9 Excellent Resources for New York History Research

There's much more to historical research than old, dusty books.

Published Jun 10, 2022

These nine resources are just a sampling of the vast amount of online research materials that can be utilized to explore the history of New York City. (George Bradford Brainerd (Brooklyn Public Library))
These nine resources are just a sampling of the vast amount of online research materials that can be utilized to explore the history of New York City. (Image Via George Bradford Brainerd (Brooklyn Public Library))

The city of New York has a rich history that's quite unlike any other in the U.S. Over the last 25 years, various websites have been born that host fascinating materials that allow for in-depth research.

For example, let's pretend we're looking for information about a small New York business that used to have a storefront on Broadway. Let's also say it was back in the 1880s, just a few years before the 1894 debut of one of the city's most famous songs, "The Sidewalks of New York."

In a brief span of time, you might be able to find antique memorabilia for sale, newspaper archives, print advertisements, photographs, discussions, and even information on the lives of the people who managed the store.

Here are nine research resources that can help in the effort to dive into the history of New York City.


The auction website eBay hosts an enormous variety of historical memorabilia and records, including rare books and periodicals from past centuries. (Be careful, however, as some of the old books might punch you in the face with a musty smell.)

One of the best resources for New York history research is The website hosts archives from more than 23,700 newspapers. The advertising and news of the day from centuries past can often help to inform more about the subject you're researching.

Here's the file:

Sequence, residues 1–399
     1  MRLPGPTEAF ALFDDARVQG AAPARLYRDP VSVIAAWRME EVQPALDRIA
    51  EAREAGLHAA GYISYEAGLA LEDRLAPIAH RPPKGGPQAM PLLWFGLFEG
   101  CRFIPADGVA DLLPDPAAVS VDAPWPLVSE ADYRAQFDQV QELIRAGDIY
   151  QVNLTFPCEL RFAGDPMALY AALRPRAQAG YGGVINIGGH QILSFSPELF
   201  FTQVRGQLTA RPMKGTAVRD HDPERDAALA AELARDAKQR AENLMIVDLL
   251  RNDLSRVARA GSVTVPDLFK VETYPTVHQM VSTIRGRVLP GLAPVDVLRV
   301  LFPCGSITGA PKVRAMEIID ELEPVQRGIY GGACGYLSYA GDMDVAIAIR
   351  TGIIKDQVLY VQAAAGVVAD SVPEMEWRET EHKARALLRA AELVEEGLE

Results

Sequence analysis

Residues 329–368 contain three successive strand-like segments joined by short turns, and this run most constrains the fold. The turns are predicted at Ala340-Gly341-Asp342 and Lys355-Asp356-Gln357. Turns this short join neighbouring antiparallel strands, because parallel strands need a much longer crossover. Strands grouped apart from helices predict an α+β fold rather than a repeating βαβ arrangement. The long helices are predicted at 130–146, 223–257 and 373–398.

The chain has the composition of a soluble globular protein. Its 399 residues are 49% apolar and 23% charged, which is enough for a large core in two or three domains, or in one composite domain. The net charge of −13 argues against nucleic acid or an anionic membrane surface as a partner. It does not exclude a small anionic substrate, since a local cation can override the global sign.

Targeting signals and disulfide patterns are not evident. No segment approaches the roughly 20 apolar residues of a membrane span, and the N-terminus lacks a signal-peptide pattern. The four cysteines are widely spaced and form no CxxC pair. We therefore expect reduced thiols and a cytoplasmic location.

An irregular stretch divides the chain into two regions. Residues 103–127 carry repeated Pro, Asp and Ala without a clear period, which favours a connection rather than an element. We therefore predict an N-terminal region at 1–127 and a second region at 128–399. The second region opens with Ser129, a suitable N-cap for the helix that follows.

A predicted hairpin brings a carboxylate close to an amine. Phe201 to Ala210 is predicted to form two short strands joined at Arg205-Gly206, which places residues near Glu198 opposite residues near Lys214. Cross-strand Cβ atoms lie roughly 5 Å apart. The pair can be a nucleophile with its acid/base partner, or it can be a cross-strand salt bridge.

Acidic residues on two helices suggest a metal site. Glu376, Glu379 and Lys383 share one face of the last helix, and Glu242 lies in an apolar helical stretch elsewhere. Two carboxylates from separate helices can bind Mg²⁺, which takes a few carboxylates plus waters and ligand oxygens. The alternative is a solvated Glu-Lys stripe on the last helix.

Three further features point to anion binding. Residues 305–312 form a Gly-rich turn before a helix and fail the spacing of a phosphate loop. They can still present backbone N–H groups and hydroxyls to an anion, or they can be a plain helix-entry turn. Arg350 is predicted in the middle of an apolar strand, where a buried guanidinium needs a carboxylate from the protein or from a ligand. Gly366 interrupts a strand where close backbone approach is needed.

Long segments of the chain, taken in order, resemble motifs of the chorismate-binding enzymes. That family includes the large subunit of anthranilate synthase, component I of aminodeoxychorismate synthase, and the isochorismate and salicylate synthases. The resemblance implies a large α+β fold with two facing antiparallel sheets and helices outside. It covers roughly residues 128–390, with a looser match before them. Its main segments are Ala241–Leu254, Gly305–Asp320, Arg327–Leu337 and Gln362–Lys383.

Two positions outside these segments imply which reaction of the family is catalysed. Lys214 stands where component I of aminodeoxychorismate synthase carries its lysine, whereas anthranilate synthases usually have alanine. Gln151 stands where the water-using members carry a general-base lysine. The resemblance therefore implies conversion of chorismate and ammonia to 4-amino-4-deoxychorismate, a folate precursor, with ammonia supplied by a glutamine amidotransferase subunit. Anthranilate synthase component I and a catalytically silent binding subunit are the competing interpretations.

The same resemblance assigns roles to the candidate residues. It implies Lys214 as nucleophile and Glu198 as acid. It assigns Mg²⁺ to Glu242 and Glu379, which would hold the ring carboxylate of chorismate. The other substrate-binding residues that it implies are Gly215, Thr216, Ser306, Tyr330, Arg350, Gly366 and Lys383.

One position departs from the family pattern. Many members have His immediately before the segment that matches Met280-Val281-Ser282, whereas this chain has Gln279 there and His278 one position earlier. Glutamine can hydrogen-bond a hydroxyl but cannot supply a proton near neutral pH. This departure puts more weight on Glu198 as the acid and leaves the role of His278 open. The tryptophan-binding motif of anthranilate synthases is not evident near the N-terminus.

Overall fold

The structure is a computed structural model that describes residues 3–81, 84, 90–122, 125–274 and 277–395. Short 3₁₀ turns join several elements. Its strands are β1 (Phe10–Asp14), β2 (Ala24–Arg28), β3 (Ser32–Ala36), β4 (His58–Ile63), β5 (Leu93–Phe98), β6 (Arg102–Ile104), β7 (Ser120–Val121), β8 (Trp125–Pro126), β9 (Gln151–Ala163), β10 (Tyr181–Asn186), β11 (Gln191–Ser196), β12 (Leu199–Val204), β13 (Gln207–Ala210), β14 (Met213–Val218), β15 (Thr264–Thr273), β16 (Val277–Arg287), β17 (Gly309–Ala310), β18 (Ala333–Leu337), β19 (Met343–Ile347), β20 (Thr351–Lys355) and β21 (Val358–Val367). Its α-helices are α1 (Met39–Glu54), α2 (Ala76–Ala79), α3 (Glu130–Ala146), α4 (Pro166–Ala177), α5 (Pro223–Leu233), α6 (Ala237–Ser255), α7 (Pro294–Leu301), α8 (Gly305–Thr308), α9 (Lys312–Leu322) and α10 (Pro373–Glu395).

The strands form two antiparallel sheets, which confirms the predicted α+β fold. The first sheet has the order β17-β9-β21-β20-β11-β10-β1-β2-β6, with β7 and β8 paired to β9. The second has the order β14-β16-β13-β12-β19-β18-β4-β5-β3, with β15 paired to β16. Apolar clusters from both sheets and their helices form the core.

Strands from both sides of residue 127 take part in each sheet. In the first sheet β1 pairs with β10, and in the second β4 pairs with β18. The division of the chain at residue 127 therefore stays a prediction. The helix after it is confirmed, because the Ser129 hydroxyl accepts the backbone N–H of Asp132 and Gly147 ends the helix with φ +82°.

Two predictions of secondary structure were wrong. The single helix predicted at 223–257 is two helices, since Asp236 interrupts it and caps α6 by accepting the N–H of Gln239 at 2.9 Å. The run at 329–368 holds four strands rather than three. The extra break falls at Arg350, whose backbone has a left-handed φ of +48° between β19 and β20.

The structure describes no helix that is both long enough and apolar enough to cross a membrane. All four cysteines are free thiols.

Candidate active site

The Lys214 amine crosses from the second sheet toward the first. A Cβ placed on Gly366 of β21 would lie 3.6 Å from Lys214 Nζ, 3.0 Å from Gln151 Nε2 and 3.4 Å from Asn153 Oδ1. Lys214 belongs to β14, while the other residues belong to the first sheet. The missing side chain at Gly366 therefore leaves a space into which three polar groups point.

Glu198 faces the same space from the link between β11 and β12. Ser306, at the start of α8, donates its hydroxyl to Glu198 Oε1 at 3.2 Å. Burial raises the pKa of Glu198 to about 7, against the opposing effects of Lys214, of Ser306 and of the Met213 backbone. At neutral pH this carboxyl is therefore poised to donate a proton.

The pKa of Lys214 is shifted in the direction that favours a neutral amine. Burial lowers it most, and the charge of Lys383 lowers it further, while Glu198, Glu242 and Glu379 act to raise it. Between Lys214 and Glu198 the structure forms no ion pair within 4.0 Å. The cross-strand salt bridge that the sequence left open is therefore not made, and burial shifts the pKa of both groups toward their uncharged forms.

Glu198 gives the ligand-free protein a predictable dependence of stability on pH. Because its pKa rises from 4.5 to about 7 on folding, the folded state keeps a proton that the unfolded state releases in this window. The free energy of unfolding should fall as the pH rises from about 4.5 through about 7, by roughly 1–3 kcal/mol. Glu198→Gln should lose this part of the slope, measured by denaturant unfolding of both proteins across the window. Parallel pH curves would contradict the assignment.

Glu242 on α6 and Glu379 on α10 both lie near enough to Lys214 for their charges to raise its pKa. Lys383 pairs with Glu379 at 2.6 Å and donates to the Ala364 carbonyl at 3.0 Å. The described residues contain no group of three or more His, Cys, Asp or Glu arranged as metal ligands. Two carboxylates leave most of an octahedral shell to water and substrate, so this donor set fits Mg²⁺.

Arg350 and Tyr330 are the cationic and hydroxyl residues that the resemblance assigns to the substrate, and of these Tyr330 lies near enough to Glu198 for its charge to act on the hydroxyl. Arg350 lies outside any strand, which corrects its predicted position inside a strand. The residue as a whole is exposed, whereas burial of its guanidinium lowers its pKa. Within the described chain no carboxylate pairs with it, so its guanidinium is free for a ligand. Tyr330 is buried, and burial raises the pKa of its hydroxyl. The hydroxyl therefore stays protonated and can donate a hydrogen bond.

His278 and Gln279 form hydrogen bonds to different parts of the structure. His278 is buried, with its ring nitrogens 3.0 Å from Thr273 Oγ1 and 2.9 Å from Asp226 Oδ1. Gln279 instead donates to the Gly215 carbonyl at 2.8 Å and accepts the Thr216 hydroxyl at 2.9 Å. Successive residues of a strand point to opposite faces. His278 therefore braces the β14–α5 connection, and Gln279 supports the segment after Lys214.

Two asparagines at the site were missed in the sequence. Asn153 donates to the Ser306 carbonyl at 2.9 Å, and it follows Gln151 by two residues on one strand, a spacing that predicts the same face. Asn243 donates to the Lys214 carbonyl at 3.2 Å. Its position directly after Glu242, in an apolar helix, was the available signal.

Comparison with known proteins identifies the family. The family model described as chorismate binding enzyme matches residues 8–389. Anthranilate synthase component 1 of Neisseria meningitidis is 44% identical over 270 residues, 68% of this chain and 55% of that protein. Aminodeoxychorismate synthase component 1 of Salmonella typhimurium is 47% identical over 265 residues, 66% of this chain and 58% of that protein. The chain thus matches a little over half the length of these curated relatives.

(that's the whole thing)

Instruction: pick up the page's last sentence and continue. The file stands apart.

Google Books

Imagine if you wanted to instantly search the text of just about every book written in the last several centuries. Google Books offers that and more. While some books catalogued by the online library might require a full purchase in order to read through pages, Google Books also sometimes offers free previews of pages that show results for your search. This powerful resource can help find detailed information on historical subjects. (We recommend using the desktop version of Google Books to more easily filter down the specific years you'd like to search.)

Online Library Collections

The websites for the New York Public Library Digital Collections and the Brooklyn Public Library Digital Collections both host unique documentation, photographs, and illustrations from New York history.


New York City is so big that there are too many great museums to name. However, for starters, we recommend the New-York Historical Society Museum & Website, the South Street Seaport Museum, and the Museum of the City of New York.

Facebook Groups

Some Facebook groups can be quite useful in New York history research. For example, the Research of Families and Photos group has helpful members who are happy to look into your questions about historical matters.

City Directories

The New York Public Library hosts archived city directories going all the way back to 1786. These priceless, information-filled books provide names, occupations, work addresses, and home addresses. For some people, these directories may be the only thing left that can prove they ever existed.

When people think of, they're likely thinking about finding their own family history. However, is also a powerful resource for New York history research. Census records, birth records, death records, immigration records, newspaper archives, and other helpful data are all hosted on the website. The website also allows you to search some past city directories by name and address, which isn't currently available on library websites.

Historical Vital Records

The government of the city of New York allows for the free searches of birth certificates, death certificates, and marriage records for the years between 1855 and 1949. We recommend choosing to search by last name in order to more quickly find results.

These nine resources are just a sampling of the vast amount of online research materials that can be used to explore the history of New York City. Some of these websites can also be used to research other large cities. Those other cities also have their own digital collections for libraries, city directories, and museums, too.

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Jordan Liles is a Senior Reporter who has been with Snopes since 2016.